- Jenica Barrett
2021 Reading List for the Intersectional Environmentalist
Updated: Feb 6, 2021
Books, in particular, helped me understand many of the things that went on in the world in 2020. They pushed me to see things from new perspectives. Reading is a window into the lives of others and into the thoughts of someone we might never meet. While staying home, reading kept me connected.
One way to continue your involvement in the environmental movement (although there are many ways to stay involved!) is to read about what is happening out there. My environmental activism has increased as I have read more - and gained more knowledge along the way. As I learn more about intersectional environmentalism, I have made sure to read books about racial justice, social issues, reproductive rights, capitalism, eviction, and many other topics. The solutions to the climate crisis need to take into account all of these factors in order to be truly reflective and effective.
What will I read in 2021?
For 2021, I'm going to continue working towards climate justice - and read books that help me become a better climate activist. Although some of these books are a few years old, they all have important perspectives for me to keep in mind. If you identify as a climate activist, an intersectional environmentalist, a climate feminist, or simply someone who wants to work towards a safe planet, this book list is for you. Take a look below to see what I'll be reading in 2021!
Looking for books on environmental justice specifically? Or zero waste guide books? I've put together lists of book recommendations for those topics too!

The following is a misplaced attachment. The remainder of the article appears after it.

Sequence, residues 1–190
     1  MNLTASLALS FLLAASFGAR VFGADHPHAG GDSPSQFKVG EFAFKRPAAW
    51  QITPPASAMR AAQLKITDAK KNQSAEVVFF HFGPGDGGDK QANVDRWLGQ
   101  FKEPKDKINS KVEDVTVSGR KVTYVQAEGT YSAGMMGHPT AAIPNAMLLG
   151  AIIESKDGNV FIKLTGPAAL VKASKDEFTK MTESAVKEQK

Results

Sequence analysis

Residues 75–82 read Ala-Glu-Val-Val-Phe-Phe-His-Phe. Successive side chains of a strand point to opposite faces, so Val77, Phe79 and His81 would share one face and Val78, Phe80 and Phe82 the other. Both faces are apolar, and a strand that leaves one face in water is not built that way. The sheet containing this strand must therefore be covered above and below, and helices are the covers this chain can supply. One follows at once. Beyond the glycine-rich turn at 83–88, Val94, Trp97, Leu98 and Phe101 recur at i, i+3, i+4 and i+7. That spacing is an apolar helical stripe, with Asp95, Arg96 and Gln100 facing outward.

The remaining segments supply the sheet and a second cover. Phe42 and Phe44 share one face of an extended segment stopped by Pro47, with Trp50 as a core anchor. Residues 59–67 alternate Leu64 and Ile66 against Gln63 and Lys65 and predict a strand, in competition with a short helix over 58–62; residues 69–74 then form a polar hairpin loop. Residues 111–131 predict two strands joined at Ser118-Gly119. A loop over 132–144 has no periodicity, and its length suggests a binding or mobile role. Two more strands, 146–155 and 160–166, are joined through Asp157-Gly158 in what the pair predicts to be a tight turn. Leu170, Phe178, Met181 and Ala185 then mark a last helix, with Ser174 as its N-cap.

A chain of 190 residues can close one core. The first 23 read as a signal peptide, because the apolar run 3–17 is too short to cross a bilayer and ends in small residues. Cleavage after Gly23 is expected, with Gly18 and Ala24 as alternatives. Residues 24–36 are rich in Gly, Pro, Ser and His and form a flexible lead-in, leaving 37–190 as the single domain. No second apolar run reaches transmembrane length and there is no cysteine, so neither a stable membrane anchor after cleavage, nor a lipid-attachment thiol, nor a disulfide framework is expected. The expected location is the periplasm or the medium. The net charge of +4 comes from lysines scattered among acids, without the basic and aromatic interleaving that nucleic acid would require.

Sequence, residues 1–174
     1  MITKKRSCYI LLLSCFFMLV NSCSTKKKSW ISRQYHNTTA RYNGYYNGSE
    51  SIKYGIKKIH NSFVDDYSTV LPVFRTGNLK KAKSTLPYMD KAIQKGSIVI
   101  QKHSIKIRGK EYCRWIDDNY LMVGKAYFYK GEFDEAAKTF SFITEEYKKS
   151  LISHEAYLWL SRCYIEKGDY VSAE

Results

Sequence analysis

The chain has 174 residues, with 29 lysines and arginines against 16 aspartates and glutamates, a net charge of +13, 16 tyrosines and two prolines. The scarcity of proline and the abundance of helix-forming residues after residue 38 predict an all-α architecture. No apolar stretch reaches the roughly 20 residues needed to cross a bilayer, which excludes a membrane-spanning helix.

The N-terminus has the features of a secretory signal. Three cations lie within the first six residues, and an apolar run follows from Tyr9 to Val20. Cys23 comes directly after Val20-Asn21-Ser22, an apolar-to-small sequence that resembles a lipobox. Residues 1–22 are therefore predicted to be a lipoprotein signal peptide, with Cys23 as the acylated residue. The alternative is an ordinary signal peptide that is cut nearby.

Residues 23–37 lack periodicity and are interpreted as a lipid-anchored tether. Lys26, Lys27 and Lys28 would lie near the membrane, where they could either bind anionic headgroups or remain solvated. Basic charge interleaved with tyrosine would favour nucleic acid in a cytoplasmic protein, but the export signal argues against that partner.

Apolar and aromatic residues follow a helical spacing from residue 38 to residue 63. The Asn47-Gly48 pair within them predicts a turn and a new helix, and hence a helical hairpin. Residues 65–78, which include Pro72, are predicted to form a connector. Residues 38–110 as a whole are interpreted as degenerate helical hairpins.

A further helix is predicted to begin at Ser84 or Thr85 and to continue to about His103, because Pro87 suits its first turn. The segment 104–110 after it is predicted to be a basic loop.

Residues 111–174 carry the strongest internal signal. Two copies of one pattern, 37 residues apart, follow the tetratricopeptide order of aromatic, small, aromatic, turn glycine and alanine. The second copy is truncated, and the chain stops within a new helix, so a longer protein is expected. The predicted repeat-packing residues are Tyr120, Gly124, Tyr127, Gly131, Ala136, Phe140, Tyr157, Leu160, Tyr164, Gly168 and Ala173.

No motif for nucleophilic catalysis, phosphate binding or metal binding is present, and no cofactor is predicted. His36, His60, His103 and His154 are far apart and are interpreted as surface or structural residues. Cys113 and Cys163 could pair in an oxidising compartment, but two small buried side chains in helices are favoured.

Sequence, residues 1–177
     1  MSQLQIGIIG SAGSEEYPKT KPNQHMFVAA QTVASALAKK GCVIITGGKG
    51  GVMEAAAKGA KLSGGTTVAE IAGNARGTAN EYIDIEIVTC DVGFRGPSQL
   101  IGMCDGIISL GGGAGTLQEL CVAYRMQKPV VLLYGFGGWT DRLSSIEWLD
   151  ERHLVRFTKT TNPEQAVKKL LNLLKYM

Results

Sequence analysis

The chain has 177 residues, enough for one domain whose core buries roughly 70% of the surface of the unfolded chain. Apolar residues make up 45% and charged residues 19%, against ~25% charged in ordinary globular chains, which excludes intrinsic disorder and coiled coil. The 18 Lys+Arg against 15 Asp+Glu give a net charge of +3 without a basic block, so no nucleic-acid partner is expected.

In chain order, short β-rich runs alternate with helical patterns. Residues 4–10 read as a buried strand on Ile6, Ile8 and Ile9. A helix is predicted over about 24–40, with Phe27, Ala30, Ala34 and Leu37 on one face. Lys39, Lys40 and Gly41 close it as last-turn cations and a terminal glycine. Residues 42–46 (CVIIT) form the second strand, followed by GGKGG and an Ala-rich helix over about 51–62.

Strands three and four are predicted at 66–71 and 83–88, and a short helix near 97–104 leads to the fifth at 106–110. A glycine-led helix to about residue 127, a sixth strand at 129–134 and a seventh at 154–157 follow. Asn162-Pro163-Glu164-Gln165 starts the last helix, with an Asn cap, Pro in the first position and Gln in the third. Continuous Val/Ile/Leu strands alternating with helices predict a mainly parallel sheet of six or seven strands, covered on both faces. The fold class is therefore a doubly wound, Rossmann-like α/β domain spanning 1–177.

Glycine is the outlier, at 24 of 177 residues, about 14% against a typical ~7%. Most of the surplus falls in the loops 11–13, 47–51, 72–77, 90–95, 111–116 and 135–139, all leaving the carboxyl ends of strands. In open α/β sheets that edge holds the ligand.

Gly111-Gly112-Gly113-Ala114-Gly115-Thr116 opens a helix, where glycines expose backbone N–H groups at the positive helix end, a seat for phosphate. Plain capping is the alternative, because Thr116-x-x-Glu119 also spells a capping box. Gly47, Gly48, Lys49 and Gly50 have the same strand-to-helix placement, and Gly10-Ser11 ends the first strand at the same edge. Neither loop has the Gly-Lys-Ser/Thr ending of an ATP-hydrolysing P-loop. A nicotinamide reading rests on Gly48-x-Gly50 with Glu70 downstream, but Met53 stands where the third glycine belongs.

This post contains affiliate links where I earn a small commission on purchases made through the links.
2021 Reading List for the Intersectional Environmentalist
Youth to Power: Your Voice and How to Use It by Jamie Margolin
"In Youth to Power, Jamie presents the essential guide to change making, with advice on writing and pitching op-eds, organizing successful events and peaceful protests, time management as a student activist, utilizing social and traditional media to spread a message, and sustaining long-term action. She features interviews with prominent young activists including Tokata Iron Eyes of the #NoDAPL movement and Nupol Kiazolu of the #BlackLivesMatter movement, who give guidance on handling backlash, keeping your mental health a priority, and how to avoid getting taken advantage of." - Bookshop
Climate Crisis and the Global Green New Deal by Noam Chomsky & Robert Pollin
"Together, Chomsky and Pollin show how the forecasts for a hotter planet strain the imagination: vast stretches of the Earth will become uninhabitable, plagued by extreme weather, drought, rising seas, and crop failure. Arguing against the misplaced fear of economic disaster and unemployment arising from the transition to a green economy, they show how this bogus concern encourages climate denialism." - Bookshop
A Black Women's History of the United States by Daina Ramey Berry & Kali Nicole Gross
"In centering Black women's stories, two award-winning historians seek both to empower African American women and to show their allies that Black women's unique ability to make their own communities while combatting centuries of oppression is an essential component in our continued resistance to systemic racism and sexism. Daina Ramey Berry and Kali Nicole Gross offer an examination and celebration of Black womanhood, beginning with the first African women who arrived in what became the United States to African American women of today." - Bookshop
All We Can Save edited by Ayana Elizabeth Johnson & Katharine K. Wilkinson
"All We Can Save illuminates the expertise and insights of dozens of diverse women leading on climate in the United States--scientists, journalists, farmers, lawyers, teachers, activists, innovators, wonks, and designers, across generations, geographies, and race--and aims to advance a more representative, nuanced, and solution-oriented public conversation on the climate crisis. These women offer a spectrum of ideas and insights for how we can rapidly, radically reshape society." - Bookshop
The Hidden Life of Trees by Peter Wohlleben